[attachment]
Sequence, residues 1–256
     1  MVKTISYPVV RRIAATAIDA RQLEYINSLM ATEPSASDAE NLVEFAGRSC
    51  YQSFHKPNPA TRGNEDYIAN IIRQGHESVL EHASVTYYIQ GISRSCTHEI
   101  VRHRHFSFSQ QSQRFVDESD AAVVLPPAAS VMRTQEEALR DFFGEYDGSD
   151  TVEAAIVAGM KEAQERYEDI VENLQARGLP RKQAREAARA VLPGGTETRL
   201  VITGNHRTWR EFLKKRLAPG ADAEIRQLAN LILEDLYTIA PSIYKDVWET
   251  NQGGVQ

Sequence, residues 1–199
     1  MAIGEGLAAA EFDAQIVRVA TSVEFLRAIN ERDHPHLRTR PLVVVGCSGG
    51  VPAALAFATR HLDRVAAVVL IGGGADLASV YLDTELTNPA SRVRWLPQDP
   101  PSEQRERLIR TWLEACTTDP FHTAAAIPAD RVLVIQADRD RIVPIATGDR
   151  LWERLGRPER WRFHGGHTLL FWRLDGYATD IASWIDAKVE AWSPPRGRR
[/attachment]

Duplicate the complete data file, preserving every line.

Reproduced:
Sequence, residues 1–256
     1  MVKTISYPVV RRIAATAIDA RQLEYINSLM ATEPSASDAE NLVEFAGRSC
    51  YQSFHKPNPA TRGNEDYIAN IIRQGHESVL EHASVTYYIQ GISRSCTHEI
   101  VRHRHFSFSQ QSQRFVDESD AAVVLPPAAS VMRTQEEALR DFFGEYDGSD
   151  TVEAAIVAGM KEAQERYEDI VENLQARGLP RKQAREAARA VLPGGTETRL
   201  VITGNHRTWR EFLKKRLAPG ADAEIRQLAN LILEDLYTIA PSIYKDVWET
   251  NQGGVQ

Sequence, residues 1–199
     1  MAIGEGLAAA EFDAQIVRVA TSVEFLRAIN ERDHPHLRTR PLVVVGCSGG
    51  VPAALAFATR HLDRVAAVVL IGGGADLASV YLDTELTNPA SRVRWLPQDP
   101  PSEQRERLIR TWLEACTTDP FHTAAAIPAD RVLVIQADRD RIVPIATGDR
   151  LWERLGRPER WRFHGGHTLL FWRLDGYATD IASWIDAKVE AWSPPRGRR